Town Talk Features

Bookshelf: The Novel Neighbor Book Club

If you love bingo and reading, The Novel Neighbor has a book club for you. Owner Holland Saltsman, who opened the charming local bookstore in Webster Groves in September, has created a fun way to choose the club’s next read. “I made bingo cards to pass out at the store to encourage people to read outside of their comfort zone,” she says. “They’re great for summer reading.”

Every member gets a card, and the group tries to choose books that will fill more than one square. For example, next month’s novel, Ancillary Sword, fills both ‘written by a local author’ and ‘sci-fi.’ “If you get a bingo, you’re entered into a drawing,” Saltsman explains. “A blackout (filling the entire card) gets you a chance for a bigger prize—24 books is a lot!” The club also is unique because its members vary each month. “I already was involved in a book club when I opened the store, so The Novel Neighbor absorbed it and we started meeting here the second Monday of every month,” Saltsman explains. “There are still about three original members.” She says since it’s not a consistent group, no one feels left out or like they’ve missed anything. “Every week new people find the store and get interested in the club. Everyone is welcome!”

bookshelf_only-the-strong[about the book]
Only the Strong takes place in the 1970s in North St. Louis during rapid social and political change. It explores the challenges and rewards of love in a quintessential American community that faces heartbreak and violence.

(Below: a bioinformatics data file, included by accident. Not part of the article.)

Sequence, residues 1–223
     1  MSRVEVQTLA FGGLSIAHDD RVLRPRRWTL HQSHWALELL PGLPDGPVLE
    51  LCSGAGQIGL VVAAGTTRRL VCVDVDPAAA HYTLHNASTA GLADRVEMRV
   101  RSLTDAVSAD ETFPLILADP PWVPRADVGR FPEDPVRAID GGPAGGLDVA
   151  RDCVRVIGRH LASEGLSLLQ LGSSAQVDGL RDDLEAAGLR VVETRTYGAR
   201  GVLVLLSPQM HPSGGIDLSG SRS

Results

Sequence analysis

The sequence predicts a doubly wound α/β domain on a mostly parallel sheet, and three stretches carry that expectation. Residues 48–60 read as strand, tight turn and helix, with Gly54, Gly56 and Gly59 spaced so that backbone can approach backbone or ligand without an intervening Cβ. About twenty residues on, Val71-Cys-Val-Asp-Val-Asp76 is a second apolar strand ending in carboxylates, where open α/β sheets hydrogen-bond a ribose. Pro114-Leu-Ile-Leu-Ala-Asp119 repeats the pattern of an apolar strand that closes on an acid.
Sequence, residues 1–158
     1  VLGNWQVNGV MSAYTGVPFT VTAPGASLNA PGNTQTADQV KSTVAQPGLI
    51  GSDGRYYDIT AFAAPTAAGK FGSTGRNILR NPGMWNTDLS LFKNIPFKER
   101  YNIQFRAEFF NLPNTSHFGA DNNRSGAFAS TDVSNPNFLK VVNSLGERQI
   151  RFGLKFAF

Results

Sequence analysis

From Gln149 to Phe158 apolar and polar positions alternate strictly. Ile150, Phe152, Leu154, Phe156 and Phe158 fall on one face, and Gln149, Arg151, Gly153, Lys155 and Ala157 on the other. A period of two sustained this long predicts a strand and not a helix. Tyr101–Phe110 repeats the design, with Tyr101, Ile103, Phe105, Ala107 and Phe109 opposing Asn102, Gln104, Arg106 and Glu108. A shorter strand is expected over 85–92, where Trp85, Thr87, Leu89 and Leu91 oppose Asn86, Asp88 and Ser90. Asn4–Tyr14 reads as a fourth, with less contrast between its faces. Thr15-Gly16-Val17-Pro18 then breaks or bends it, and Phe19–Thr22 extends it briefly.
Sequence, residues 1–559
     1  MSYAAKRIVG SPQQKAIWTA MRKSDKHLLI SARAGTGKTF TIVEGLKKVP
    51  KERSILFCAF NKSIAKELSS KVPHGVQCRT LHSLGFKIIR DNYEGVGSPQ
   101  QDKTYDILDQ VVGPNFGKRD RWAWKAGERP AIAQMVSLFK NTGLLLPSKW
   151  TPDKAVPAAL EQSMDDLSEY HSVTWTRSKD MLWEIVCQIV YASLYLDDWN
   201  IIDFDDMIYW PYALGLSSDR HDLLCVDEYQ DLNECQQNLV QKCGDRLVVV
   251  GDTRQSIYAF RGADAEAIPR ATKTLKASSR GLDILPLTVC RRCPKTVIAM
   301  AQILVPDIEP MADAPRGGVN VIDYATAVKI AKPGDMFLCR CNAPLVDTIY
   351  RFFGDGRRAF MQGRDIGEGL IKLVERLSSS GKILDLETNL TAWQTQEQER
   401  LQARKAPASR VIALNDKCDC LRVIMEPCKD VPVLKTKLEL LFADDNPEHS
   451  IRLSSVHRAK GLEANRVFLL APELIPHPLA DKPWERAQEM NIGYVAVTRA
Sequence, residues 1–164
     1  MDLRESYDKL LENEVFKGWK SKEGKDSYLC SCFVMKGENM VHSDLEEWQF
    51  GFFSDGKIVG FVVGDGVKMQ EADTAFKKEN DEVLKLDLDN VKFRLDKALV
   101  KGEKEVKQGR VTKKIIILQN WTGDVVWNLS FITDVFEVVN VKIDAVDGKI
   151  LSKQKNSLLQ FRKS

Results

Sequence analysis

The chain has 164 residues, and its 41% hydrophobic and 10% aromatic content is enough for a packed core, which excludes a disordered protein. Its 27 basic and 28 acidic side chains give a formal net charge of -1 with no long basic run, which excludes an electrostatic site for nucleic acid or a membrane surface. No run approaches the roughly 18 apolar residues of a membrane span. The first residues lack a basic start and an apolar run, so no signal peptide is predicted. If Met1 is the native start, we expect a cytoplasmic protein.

[opinions]
» Only the Strong is set during a time when MLK’s assassination was fresh in everyone’s minds, and Delmar served as the dividing line between the races of the Gateway City. Asim used the mood of the time to create passionate characters with separate, yet interconnected and well-developed storylines. I enjoyed this unique novel—one I would not have found if not for the book club.
— Anne Warfield

» Tender, tough, complex characters living within the backdrop of a 1970s St. Louis. Much of this book still rings true to the struggles St. Louis faces with race, division and social stratification, yet it manages to move each character forward with glimpses of a new possible future.
— Patsy King

[favorite]
The Sparrow by Mary Doria Russell

[up next]
Ancillary Sword by Ann Leckie

Pictured, front: Holland Saltsman, Anne Warfield, Patsy King. Back: Cyndi Demick, Edward Huff, Sarah Dickerson
Photo: Bill Barrett

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